Urban India strongly focused on climate safety - GulfToday

Urban India strongly focused on climate safety

Meena Janardhan

Writer/Editor/Consultant. She has over 25 years of experience in the fields of environmental journalism and publishing.

Writer/Editor/Consultant. She has over 25 years of experience in the fields of environmental journalism and publishing.

India Climate Change

The survey experiment revealed that a vast majority wanted ‘all national governments’ to do more to protect the environment. Reuters

A survey experiment spanning seven countries finds high levels of support for increased action on environmental protection ahead of the 26th United Nations Climate Change Conference of the Parties.

In India, where the survey represented adults in urban areas, policies on planting more trees (above 75%), protecting wildlife (74%) and spending more on clean technology (66%) found the most support. Mongabay-India reports that the survey results showed that widespread destruction of trees in urban India spawning local civic movements, youth climate activism and lived realities have likely spurred citizens to demand more government-led action on climate change.

The University of Cambridge researchers, who did the survey, worked with polling agency YouGov on a message-testing experiment fielding it to 14,627 adults, with samples of around 2000 each in Brazil, China, India, Indonesia, Poland, the UK and the US. Polling took place from December 8 to December 31, 2020. The survey experiment revealed that a vast majority wanted ‘all national governments’ to do more to protect the environment. Since the Indian sample of 1805 adults was representative of the urban community, the same policies may not be equally popular with rural voters, the researchers said.

The Cambridge survey also asked which policies governments should support at COP26. In each of these seven countries, baseline figures showed that at least 50% supported four policies. The most popular on average was action “to protect and preserve” wildlife, marine life and plants; followed by a policy “to plant more trees to absorb the gases that cause climate change”; then spending more on developing clean technologies; then reducing “the production over thirty years of the gases that cause climate change.”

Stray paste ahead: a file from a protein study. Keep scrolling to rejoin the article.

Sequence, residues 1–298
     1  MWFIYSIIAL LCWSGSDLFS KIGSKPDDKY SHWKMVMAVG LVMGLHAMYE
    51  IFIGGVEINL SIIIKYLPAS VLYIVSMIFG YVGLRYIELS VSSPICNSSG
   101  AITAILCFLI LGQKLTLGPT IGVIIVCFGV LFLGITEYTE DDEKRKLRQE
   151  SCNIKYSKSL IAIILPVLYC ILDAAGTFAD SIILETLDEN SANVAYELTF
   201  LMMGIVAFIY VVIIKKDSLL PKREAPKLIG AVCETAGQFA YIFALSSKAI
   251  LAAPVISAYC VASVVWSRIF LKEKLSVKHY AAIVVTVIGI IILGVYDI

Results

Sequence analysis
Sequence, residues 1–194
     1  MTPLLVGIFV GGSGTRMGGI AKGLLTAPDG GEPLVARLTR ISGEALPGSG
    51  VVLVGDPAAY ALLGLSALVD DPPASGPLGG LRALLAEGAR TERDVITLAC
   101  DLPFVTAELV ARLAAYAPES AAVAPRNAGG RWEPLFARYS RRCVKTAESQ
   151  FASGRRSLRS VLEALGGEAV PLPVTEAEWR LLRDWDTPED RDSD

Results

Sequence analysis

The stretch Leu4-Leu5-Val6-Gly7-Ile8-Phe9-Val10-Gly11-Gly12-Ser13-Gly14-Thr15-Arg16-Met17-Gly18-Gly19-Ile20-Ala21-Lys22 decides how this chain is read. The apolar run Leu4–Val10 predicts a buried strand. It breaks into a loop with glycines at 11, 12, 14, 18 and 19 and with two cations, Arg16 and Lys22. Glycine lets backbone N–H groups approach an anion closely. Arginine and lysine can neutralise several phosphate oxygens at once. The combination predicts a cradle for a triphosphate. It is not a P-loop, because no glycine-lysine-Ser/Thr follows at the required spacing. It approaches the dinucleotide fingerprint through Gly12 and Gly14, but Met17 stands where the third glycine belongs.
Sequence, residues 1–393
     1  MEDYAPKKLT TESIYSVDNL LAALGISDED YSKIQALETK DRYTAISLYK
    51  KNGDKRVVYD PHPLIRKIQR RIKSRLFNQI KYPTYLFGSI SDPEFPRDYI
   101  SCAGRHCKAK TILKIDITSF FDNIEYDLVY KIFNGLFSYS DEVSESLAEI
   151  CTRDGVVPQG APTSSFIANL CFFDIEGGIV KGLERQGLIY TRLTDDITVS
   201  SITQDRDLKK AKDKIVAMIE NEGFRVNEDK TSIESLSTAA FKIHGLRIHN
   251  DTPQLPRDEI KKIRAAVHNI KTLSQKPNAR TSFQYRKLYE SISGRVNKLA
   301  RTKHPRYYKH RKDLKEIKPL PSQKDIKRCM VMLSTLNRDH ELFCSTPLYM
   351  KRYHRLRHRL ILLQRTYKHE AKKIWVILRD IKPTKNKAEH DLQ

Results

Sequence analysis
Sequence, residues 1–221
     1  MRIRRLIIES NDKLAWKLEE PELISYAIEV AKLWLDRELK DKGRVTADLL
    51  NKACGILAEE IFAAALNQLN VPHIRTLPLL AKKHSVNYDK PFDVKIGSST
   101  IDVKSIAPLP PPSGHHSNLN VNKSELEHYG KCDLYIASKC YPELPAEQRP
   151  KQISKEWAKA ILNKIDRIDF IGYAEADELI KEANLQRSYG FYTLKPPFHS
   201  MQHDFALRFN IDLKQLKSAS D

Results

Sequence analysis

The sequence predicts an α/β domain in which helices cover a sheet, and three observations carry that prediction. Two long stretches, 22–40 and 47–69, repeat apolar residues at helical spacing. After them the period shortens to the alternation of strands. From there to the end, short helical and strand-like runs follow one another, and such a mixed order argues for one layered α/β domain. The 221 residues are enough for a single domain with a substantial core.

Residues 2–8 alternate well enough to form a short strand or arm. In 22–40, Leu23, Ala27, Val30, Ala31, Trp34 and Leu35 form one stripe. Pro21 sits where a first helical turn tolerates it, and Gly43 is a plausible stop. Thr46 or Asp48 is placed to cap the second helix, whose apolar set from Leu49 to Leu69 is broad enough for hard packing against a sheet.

Participants were randomly assigned to read either one of four “treatment” texts about climate change – drafted to reflect current UN messaging, public health, social norms and patriotism – or a neutral text, unrelated to climate and used to test “baseline” support. The participants were then asked if they agreed or disagreed with the statement that “all national governments should do more to protect the environment,” said a press release.

Baseline figures showed extremely high levels of support for government-led action. In six of these countries, at least nine out of ten participants agreed that governments should do more for the environment. In the US, the figure was three out of four (79%). Additionally, baseline figures were 70% for wildlife conservation, 67% for tree planting, and 60% for clean technology in the country. In the UK, the most popular policy baseline figures were wildlife conservation (84%), tree planting (81%) and spending on clean technology (75%).

In 2018, in New Delhi, India’s capital where an average of 24 trees was felled per day between 2005 and 2018, residents rallied against the proposed felling of more than 16,000 trees for a project to build housing. In Bengaluru, once known for its lush greenery, residents formed a human chain in protest against the cutting of 25 old-growth trees. In 2020, over 50 youth unions from India submitted a letter to the environment ministry to condemn a notification on account of how destructive it can prove to be for the ecology and the people. Concerned citizens have also taken to art, craft and music to protest illegal coal mining in an elephant reserve and to save a bird sanctuary.

Participants were also asked if they thought that businesses should be made “to pay for the damage they do when their activities contribute to climate change”. Across the seven countries, on average, 58% supported making businesses pay and 48% supported the timetable option.

In India, 55% of respondents supported making businesses pay for the environmental damage they cause, 57% supported reducing production of greenhouse gases over 30 years and 53% supported giving businesses a fair timetable to stop activities that contribute to climate change. Only two per cent felt governments are already doing all they should.

The Mongabay-India report also highlighted a separate Pew Research Center survey that reflected the prioritizing of environment protection in India. The survey was conducted across Europe, the Asia-Pacific, Russia, the US, Canada and Brazil from October 2019 to March 2020. In India, about 61% think protecting the environment should be given priority, even if it causes slower economic growth and some loss of jobs. A smaller share (25%) thinks creating jobs should be the top priority, even if the environment suffers to some extent; 70% say climate change is affecting where they live a great deal (28%) or some (42%).

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